A Knight and Marshall, both: New honors for Sahlins
Marshall Sahlins—globally renowned ethnographer, Polynesian historian, and the Charles F. Grey Distinguished Service Professor of Anthropology (Emeritus) at the University of Chicago—has had quite a series of weeks.
First came notice from the French Ministry of Culture, helmed by Frédéric Mitterand: Sahlins has been named a Chevalier des Arts et des Letters (Knight in the Order of Arts and Letters), an honorary position that commends artists, scholars, and others who have contributed “to the enrichment of French culture.”
In addition, Sahlins is set to receive not one—but, two—honorary doctorates, from the Sorbonne and the London School of Economics.
In addition, the Sorbonne will host a daylong conference on Monday, November 14, 2011, in celebration of Sahlins and his work, featuring contributions from sociologists, anthropologists, and philosophers from around the world.
The author of numerous books (an assortment of which have been translated into French,
including The Western Illusion of Human Nature), Sahlins is also the executive publisher of Prickly Paradigm Press. Among those books of Sahlins published by the University of Chicago Press are Culture and Practical Reason, winner of the Gordon J. Laing Prize; How Natives “Think”: About Captain Cook, For Example; Islands of History; Apologies to Thucydides: Understanding History as Culture and Vice Versa; and the two-volume Anahulu: The Anthropology of History in the Kingdom of Hawaii (coauthored with Patrick V. Kirch).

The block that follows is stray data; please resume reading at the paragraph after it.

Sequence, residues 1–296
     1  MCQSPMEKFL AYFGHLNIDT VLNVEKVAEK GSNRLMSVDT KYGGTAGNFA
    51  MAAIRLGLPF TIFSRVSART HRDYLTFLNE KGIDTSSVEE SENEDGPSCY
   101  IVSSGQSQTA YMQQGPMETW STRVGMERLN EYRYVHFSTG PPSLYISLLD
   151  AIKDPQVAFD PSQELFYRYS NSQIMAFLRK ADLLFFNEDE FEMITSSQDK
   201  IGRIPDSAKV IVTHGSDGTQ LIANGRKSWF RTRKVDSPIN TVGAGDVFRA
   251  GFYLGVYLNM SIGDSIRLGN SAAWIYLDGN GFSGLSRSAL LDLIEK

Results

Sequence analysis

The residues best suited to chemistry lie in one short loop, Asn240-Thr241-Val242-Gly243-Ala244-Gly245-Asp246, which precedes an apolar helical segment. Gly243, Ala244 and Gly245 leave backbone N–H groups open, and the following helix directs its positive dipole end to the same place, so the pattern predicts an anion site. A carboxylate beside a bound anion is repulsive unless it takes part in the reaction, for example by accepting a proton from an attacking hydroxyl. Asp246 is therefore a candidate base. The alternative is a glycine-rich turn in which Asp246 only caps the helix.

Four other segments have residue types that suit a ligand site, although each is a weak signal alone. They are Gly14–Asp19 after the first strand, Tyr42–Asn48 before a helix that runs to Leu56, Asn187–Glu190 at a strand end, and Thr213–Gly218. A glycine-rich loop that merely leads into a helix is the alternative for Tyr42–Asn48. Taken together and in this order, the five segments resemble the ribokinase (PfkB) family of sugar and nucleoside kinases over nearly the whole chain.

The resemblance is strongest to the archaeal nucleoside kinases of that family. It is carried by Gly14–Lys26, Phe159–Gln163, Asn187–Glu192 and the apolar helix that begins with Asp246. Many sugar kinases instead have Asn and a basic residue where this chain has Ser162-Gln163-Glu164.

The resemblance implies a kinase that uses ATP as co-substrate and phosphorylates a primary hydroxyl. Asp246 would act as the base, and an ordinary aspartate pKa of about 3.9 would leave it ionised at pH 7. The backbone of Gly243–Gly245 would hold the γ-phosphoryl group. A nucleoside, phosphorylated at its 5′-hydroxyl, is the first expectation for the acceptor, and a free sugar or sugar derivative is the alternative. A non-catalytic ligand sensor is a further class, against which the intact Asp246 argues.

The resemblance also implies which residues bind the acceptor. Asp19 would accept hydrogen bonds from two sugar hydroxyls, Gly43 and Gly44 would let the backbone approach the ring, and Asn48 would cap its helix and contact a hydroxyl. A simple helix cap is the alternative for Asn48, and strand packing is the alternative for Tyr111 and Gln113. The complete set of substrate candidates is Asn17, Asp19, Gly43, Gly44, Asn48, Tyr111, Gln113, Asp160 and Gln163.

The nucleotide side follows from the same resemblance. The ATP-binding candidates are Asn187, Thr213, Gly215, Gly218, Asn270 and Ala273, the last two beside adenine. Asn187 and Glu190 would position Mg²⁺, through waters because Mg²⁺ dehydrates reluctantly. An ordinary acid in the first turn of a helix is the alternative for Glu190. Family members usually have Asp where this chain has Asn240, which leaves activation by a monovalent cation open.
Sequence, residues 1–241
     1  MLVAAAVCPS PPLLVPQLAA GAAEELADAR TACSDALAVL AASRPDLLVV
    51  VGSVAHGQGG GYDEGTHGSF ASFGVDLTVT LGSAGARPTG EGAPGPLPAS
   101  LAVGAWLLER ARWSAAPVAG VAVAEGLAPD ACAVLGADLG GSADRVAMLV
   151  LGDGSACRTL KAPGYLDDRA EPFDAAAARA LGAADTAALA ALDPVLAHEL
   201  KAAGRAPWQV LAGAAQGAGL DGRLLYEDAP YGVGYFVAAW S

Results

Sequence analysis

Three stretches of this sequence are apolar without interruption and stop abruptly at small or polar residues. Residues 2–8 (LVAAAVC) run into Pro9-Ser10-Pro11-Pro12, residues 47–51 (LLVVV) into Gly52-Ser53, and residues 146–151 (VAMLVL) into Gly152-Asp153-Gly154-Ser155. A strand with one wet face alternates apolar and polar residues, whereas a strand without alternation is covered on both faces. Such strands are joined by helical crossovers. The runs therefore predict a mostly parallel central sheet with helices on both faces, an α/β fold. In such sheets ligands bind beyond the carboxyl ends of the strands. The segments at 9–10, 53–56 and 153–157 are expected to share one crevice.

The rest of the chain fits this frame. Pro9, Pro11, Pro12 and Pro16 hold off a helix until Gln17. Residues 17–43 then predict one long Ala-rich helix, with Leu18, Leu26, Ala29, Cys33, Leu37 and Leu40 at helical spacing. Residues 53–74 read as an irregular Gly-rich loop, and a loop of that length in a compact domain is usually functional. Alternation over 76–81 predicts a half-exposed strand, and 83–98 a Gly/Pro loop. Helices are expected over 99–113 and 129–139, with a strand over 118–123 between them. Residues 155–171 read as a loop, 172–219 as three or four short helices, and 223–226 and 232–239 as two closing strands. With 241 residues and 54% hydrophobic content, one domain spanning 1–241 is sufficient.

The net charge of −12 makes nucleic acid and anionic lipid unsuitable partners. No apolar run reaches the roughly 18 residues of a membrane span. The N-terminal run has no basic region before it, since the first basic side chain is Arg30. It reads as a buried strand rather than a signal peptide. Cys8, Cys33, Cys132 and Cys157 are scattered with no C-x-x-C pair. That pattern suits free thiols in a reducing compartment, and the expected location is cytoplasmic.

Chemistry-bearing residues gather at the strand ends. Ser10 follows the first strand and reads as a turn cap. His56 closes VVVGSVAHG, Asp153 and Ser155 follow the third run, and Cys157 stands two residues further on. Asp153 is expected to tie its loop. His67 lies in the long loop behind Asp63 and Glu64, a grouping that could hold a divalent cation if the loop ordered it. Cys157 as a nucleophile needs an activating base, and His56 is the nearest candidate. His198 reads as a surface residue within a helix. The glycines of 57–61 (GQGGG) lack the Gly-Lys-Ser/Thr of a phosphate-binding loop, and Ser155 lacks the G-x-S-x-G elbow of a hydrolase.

Sahlins personal ties to France are notable—in the late 1960s, he experienced the May 1968 student protests firsthand, while studying with anthropologist and ethnologist Claude Lévi-Strauss at his Laboratoire at the College de France. Later, Sahlins returned as the sole American participant in the ceremonies celebrating Lévi-Strauss’s 100th birthday in 2009.
Quipped Sahlins in acknowledgement of the honors:
“I think I am the Jerry Lewis of French anthropology. The French love me, and the Americans can’t understand why.”